During a recent PW Podcast episode, we spoke with Lisa Mathew, MD, a gastroenterologist at South Denver Gastroenterology in Colorado. Following is a summary of that interview:
What do patients and physicians need to know about preventing colorectal cancer?
There’s a long timeline from polyp to the development of colorectal cancer, and certainly to the development of metastatic colorectal cancer. So, there’s a window of opportunity in which we can intervene, remove precancerous lesions, and prevent colon cancer. Unfortunately, colon cancer is notoriously asymptomatic, so we commonly see patients present without symptoms. Patients should know it’s detected on screening examinations, and that some people do present with symptoms; the most common is bleeding or, sometimes, a change in bowel habits, but typically that’s fairly late into the disease course. The window of opportunity to intervene, prevent and, really help our patients is before the cancer develops, and colonoscopy is considered the gold standard in screening.
For patients who are afraid of colonoscopy, I recommend they first talk to someone who’s had the procedure and ask them about their experience, because I think there’s a lot of fear based on the perception that it’s going to be uncomfortable. Talking to someone who’s had the procedure helps patients understand that it’s done with sedation and that the worst part is the prep the day before, which is unfortunately unavoidable. But, patients should know that it’s just 1 day of their life and if the test is normal and they don’t have a family history, their next colonoscopy wouldn’t be for 10 years.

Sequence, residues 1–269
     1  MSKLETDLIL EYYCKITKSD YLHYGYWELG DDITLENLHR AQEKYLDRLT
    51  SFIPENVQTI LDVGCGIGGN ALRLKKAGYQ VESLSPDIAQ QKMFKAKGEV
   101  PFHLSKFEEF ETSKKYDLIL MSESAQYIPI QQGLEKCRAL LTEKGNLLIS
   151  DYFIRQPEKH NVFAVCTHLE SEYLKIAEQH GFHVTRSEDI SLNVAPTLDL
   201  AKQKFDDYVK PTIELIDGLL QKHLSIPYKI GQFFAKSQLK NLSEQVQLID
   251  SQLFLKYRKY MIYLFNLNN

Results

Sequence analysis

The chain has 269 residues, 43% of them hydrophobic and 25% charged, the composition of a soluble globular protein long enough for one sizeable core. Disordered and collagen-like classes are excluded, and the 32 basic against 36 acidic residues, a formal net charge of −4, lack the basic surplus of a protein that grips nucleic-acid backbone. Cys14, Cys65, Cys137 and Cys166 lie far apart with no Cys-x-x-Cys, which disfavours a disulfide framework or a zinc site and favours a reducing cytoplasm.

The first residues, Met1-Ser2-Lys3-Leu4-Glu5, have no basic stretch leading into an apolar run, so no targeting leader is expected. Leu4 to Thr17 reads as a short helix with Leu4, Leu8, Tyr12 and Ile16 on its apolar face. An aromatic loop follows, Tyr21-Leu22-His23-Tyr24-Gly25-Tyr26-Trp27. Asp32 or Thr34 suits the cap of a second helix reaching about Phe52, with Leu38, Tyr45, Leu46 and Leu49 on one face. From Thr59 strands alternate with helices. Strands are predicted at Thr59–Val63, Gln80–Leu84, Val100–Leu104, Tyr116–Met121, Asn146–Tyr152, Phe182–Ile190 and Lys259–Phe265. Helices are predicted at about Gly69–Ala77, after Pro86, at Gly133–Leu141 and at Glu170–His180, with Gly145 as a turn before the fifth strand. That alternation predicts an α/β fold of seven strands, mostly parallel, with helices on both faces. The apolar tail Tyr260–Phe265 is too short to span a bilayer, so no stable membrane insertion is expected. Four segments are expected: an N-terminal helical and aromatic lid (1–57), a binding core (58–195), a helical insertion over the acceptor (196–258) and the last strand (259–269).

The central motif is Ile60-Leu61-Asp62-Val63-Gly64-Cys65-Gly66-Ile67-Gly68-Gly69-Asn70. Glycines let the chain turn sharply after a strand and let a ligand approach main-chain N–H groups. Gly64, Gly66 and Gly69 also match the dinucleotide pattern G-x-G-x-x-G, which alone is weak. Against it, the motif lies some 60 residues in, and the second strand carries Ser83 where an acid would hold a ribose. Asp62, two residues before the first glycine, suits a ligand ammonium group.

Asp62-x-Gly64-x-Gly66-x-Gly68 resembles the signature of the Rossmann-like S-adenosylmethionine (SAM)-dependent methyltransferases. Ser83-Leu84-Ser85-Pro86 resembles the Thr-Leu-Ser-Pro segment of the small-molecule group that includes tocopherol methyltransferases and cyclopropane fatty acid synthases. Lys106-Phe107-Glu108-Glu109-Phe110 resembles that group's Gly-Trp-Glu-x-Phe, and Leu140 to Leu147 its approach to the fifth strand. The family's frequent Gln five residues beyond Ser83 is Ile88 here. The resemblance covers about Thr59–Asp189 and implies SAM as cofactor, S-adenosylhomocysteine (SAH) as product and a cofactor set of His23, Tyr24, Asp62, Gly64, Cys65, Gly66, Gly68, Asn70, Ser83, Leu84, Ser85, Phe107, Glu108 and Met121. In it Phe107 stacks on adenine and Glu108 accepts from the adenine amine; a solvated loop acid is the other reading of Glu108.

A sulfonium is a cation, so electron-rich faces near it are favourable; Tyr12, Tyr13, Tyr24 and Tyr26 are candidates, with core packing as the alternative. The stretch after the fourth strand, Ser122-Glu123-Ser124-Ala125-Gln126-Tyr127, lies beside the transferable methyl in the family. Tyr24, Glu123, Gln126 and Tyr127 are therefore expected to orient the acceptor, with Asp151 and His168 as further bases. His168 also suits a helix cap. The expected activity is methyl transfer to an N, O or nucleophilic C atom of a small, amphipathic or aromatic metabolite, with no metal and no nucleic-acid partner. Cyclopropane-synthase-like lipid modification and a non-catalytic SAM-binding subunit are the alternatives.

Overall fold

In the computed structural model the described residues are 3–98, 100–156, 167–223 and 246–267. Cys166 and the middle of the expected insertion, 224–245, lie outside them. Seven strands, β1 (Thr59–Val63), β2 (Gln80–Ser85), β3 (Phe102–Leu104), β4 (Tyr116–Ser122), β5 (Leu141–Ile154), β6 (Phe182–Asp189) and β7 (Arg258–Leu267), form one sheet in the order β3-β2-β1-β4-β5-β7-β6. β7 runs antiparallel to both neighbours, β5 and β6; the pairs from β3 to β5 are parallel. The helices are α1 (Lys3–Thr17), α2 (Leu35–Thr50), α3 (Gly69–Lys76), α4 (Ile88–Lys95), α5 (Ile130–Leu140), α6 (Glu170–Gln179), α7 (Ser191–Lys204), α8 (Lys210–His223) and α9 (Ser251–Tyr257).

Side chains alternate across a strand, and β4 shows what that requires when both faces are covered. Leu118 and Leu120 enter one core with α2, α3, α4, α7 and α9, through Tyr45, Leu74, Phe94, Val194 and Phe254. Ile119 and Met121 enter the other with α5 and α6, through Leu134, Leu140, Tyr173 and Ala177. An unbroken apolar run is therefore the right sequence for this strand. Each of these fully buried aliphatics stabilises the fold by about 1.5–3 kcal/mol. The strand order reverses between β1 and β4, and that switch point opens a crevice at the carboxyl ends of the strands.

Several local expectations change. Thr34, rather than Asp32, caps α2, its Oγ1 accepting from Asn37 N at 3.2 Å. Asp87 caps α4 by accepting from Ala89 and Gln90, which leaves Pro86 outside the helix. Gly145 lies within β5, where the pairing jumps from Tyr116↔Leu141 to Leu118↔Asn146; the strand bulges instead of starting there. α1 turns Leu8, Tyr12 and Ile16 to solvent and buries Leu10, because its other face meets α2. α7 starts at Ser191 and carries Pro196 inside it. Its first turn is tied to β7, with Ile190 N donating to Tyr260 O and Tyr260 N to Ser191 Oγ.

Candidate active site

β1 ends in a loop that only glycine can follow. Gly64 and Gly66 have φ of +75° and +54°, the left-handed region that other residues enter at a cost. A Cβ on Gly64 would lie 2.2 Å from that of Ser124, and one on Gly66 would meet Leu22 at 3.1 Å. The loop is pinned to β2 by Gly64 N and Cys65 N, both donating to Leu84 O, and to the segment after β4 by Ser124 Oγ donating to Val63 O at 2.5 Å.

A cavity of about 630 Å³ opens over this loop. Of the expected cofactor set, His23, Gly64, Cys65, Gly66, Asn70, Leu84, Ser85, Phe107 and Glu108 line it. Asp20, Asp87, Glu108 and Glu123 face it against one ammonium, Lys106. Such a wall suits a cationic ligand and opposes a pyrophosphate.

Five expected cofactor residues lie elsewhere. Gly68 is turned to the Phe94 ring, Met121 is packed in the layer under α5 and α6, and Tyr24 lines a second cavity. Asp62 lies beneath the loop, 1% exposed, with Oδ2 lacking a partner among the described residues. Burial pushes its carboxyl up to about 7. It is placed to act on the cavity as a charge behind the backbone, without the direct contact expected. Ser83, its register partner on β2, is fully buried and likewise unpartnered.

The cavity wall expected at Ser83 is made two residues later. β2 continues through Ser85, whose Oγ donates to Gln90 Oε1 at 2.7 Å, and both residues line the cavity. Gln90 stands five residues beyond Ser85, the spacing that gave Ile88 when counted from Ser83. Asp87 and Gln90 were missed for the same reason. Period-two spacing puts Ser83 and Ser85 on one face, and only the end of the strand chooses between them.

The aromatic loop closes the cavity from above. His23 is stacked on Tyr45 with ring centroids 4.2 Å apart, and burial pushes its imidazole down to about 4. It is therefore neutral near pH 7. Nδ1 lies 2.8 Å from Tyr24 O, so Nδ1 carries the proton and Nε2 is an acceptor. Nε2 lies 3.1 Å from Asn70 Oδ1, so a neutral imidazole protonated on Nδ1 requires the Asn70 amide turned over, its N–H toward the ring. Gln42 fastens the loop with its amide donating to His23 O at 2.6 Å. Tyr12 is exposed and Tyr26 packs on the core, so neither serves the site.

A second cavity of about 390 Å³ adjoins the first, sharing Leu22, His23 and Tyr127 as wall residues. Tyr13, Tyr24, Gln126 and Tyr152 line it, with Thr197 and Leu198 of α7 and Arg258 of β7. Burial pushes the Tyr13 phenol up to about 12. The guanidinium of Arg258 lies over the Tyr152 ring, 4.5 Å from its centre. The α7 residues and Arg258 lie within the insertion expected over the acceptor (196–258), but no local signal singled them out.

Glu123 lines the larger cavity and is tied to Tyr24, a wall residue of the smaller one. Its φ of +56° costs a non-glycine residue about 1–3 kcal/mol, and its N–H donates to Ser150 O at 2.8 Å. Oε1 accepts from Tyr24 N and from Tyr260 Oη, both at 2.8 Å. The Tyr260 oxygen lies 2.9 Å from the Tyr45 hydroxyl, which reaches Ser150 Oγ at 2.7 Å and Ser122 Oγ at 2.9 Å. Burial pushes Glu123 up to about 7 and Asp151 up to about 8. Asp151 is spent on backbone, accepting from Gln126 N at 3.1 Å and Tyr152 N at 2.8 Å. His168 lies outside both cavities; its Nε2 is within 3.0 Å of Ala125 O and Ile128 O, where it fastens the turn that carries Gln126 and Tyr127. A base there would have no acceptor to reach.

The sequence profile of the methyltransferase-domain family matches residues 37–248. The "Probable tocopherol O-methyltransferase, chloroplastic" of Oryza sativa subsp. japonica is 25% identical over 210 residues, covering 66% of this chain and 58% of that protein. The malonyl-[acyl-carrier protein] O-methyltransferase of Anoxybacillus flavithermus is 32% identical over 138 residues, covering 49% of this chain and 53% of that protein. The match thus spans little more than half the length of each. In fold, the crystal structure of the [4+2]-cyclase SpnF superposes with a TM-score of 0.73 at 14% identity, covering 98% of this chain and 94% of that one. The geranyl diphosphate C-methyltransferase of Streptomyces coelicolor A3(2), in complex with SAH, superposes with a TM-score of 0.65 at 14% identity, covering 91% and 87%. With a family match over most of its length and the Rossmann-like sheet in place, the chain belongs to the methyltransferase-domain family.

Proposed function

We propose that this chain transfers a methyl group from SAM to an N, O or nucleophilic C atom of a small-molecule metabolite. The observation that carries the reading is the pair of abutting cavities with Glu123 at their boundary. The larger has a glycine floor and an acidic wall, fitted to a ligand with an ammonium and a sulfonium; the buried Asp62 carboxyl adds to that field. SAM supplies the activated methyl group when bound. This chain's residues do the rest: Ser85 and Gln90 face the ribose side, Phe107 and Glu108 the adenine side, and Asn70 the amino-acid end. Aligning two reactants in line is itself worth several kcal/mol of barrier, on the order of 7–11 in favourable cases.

That said, we always present stool-based screening tests to patients as an option. However, if you’re discussing proceeding with colon cancer screening, it’s very important for patients to know that if the stool testing is positive, the next step would be colonoscopy, so it’s nearly impossible to have a conversation about complete colon cancer screening without discussing how colonoscopy fits into that. That said, if a patient is resistant to colonoscopy for any reason, stool-based testing is certainly an option. Patients should be told that most insurers do not consider colonoscopy following a positive fecal test to be a screening colonoscopy and so they could potentially be charged a quite different amount to go through a similar exam. They should also know that fecal immunochemical testing is annual, versus every 10 years following a negative colonoscopy.
When a patient asks about colonoscopy versus fecal testing, I ask them if they want to find a cancer or prevent a cancer. I tell them colonoscopy is the most effective way to find cancer and the only test that we can do to prevent cancer. They should know it is the most sensitive tool in finding polyps. It finds about 95% of large polyps, compared with 42% for Cologuard and 30% for fecal immunochemical testing. If they want the most effective test in finding cancer, finding polyps, and actually preventing cancer, which is to remove the polyp, then colonoscopy is the simple choice.